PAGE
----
William L. Clements Library
University of Michigan
Finding aid for
Finding aid created by
Charles and William R. Humphrey Correspondence, 1811-1847
Meg Hixon, June 2012
Charles and William R. Humphrey correspondence
Humphrey, Charles, 1792-1850 and Humphrey, William Ross, 1820-1901
This collection is made up of letters addressed to Charles Humphrey, a New York lawyer and politician (39 items), and to his son William (7 items). Charles Humphrey's incoming correspondence concerns his legal career, his financial and business affairs, and state or national political issues. William Humphrey's incoming letters primarily concern his finances relating to his law practice in Ithaca, New York.
Language: The material is in English
William L. Clements Library, University of Michigan
909 S. University Ave.
The University of Michigan
Ann Arbor, MI 48109-1190
Web Site: www.clements.umich.edu
Access and Use
The collection is open for research.
Copyright status is unknown
Cataloging funded by the National Historical Publications and Records Commission (NHPRC). This collection has been processed according to minimal processing procedures and may be revised, expanded, or updated in the future.
Charles and William R. Humphrey correspondence, William L. Clements Library, The University of Michigan
The collection is arranged chronologically, with undated items placed at the end.
Charles Humphrey was born in Little Britain, New York, on February 14, 1792, and was raised in Newburgh, New York. During the War of 1812, he interrupted his legal studies to serve as a first sergeant in Newburgh Company No. 5 and as a captain in the United States Army's 41st Infantry Regiment. He was admitted to the bar in January 1816, and began practicing law in Ithaca, New York, in 1818. He held several public offices: member, United States House of Representatives (1825-1827); president, village of Ithaca (1828-1829); surrogate, Tompkins County (1831-1834); member, New York State Assembly (1834-1836, 1842); speaker, New York State Assembly (1835-1836); and clerk, New York Supreme Court (1843-1847). Humphrey and his wife, Ann Eliza Belknap, had three children: William Ross (1820-1901), Charles (1832-1870), and Sarah (1835-1904). Charles Humphrey died on April 17, 1850.
William Ross Humphrey was born in Ithaca, New York, on April 10, 1820. In 1838, he worked for the Harlem Railroad survey. After his admission to the bar in January 1842, Humphrey practiced law in Ithaca for several years, leaving in 1849 to become superintendent for the Ithaca and Owego Railroad (later the Cayuga and Susquehanna Railroad). He married Mary H. Wheeler in 1848, and they had 4 children. William R. Humphrey died in 1901.
Collection Scope and Content Note
This collection is made up of letters addressed to Charles Humphrey, a New York lawyer and politician (39 items), and to his son William (7 items). Charles Humphrey's incoming correspondence concerns his legal career, his financial and business affairs, and political issues. William Humphrey's incoming letters primarily concern his finances relating to his law practice in Ithaca, New York.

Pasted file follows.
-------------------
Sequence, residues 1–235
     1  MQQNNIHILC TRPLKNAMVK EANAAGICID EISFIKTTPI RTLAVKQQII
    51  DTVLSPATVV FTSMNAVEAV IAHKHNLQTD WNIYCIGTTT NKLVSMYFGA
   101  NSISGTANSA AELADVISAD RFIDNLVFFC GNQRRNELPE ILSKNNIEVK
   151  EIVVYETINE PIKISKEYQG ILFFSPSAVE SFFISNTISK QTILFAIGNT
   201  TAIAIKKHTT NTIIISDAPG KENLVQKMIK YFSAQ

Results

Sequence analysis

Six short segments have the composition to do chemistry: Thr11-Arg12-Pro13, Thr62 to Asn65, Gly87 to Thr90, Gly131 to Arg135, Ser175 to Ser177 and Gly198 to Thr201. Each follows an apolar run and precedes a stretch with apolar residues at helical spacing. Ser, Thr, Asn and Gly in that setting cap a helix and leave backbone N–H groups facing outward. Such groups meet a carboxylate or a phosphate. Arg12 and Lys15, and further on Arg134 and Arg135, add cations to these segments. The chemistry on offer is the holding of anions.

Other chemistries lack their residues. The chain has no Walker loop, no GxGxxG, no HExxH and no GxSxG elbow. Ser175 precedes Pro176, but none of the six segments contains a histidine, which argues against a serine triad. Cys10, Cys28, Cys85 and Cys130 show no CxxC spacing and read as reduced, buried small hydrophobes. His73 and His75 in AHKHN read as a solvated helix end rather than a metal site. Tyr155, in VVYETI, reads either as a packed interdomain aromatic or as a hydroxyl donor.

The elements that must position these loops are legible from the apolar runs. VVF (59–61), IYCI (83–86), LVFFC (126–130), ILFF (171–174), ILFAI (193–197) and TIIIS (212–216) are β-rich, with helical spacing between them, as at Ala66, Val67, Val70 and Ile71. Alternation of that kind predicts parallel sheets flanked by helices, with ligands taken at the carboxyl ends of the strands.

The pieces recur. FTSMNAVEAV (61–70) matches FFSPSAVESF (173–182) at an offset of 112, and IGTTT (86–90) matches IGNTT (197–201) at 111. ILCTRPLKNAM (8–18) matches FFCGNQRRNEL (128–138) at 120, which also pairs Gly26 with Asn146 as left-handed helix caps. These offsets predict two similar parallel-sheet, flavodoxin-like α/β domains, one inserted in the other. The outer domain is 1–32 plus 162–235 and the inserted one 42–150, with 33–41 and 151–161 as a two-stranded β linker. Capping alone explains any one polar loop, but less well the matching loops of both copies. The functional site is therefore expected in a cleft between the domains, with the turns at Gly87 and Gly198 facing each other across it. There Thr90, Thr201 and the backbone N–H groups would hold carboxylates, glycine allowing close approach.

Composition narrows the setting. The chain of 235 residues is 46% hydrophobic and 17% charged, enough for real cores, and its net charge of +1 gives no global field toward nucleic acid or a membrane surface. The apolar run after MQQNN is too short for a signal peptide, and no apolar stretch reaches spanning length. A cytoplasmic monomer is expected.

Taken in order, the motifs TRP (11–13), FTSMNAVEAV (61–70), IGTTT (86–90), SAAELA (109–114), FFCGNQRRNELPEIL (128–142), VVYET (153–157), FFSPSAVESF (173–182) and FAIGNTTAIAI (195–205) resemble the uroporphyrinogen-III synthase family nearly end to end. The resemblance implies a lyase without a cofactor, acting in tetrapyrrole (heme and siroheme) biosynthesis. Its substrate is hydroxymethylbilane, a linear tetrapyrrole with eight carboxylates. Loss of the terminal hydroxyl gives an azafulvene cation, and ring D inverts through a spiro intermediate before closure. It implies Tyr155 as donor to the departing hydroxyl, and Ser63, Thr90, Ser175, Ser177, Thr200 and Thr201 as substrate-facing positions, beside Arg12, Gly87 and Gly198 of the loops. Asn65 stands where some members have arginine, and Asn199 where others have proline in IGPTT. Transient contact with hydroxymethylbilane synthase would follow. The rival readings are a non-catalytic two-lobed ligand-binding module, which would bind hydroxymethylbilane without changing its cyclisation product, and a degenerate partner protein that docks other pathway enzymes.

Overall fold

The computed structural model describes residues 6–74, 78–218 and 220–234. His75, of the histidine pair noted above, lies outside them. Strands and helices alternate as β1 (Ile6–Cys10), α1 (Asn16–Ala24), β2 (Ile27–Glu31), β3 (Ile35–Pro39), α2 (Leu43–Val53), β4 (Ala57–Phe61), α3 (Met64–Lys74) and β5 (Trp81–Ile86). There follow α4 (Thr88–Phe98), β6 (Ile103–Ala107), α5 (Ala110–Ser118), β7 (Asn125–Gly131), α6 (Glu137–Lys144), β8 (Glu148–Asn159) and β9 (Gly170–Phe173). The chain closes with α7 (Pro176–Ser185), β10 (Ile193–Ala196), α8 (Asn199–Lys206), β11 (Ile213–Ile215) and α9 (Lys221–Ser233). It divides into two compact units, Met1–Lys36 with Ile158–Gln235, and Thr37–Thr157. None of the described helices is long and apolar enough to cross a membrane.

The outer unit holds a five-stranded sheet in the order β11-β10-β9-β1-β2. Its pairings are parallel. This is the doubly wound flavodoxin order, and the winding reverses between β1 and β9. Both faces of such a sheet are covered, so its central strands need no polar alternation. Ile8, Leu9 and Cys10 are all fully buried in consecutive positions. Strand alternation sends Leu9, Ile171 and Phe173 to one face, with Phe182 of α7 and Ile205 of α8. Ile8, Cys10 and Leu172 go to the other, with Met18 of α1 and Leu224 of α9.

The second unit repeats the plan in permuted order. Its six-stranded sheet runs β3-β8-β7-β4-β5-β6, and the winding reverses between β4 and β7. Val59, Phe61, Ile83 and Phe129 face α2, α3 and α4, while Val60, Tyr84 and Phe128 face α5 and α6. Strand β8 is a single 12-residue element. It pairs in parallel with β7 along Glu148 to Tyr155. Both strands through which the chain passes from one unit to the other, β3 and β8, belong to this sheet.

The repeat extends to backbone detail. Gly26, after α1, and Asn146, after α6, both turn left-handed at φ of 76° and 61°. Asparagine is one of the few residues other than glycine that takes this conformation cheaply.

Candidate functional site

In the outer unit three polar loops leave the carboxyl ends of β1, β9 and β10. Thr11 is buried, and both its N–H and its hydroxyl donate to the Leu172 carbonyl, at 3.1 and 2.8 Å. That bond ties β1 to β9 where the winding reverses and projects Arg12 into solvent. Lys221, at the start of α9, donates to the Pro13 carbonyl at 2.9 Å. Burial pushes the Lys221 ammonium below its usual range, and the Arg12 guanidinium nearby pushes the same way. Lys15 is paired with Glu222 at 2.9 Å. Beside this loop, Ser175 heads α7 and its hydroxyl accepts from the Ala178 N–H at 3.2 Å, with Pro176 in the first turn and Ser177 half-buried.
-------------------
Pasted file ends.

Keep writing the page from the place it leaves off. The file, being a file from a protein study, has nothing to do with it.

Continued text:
Charles Humphrey received 39 letters between April 14, 1811, and June 3, 1843, most of which date from his terms in the United States House of Representatives and the New York State Assembly. His correspondents, many of whom were lawyers and politically active persons, discussed state and national issues, such as the Missouri Compromise (March 9, 1820), the Locofocos (August 9, 1837), a fire in New York City (January 21, 1836), the New York salt industry (February 25, 1834), and Humphrey's speeches and political actions. They also wrote about office-seekers and nominations for various public positions. Some letters relate to specific legal cases around the state of New York; for example, Alvin Bradley wrote a lengthy letter about Catharine, who had been seduced and impregnated while working as a family's domestic employee (January 14, 1835). Charles Humphrey also received a personal letter co-written by Charles H. Cooke, his nephew, and "S. Cooke," his sibling (January 10, 1842).
William Ross Humphrey received 7 letters between January 11, 1845, and October 11, 1847, of which his father, Charles Humphrey, wrote 5. These letters pertain to Will's financial and business affairs while he worked as a lawyer in Ithaca, New York.
- Lawyers--New York (State)
- New York (State) Legislature. Assembly.
- New York (State)--Politics and government--1775-1865.
- Practice of law--New York (State)
- United States. Congress. House.
- United States--Politics and government--1815-1861.
| Container / Location
|Box 33, Small Collections
Charles and William R. Humphrey correspondence [series]:
April 14, 1811-October 11, 1847, and undated
Additional Descriptive Data
Herttell, Thomas, and Charles Humphrey. Rights of Conscience Defended: In a Speech of Thomas Herttell, Esq., in the Assembly of the State of New-York (on Thursday, the 7th of May, 1835) on the Bill Relative to the Rights and Competency of Witnesses: Also, His Reply to Mr. (Speaker) Humphrey's Remarks Against the Bill and in Support of the Religious Test Act. New-York: G.W. & A.J. Matsell, 1835.
"Humphrey, Charles." Biographical Directory of the United States Congress. Online edition. 2012.
Selkreg, John H. Landmarks of Tompkins County, New York. Syracuse: D. Mason & co., 1894.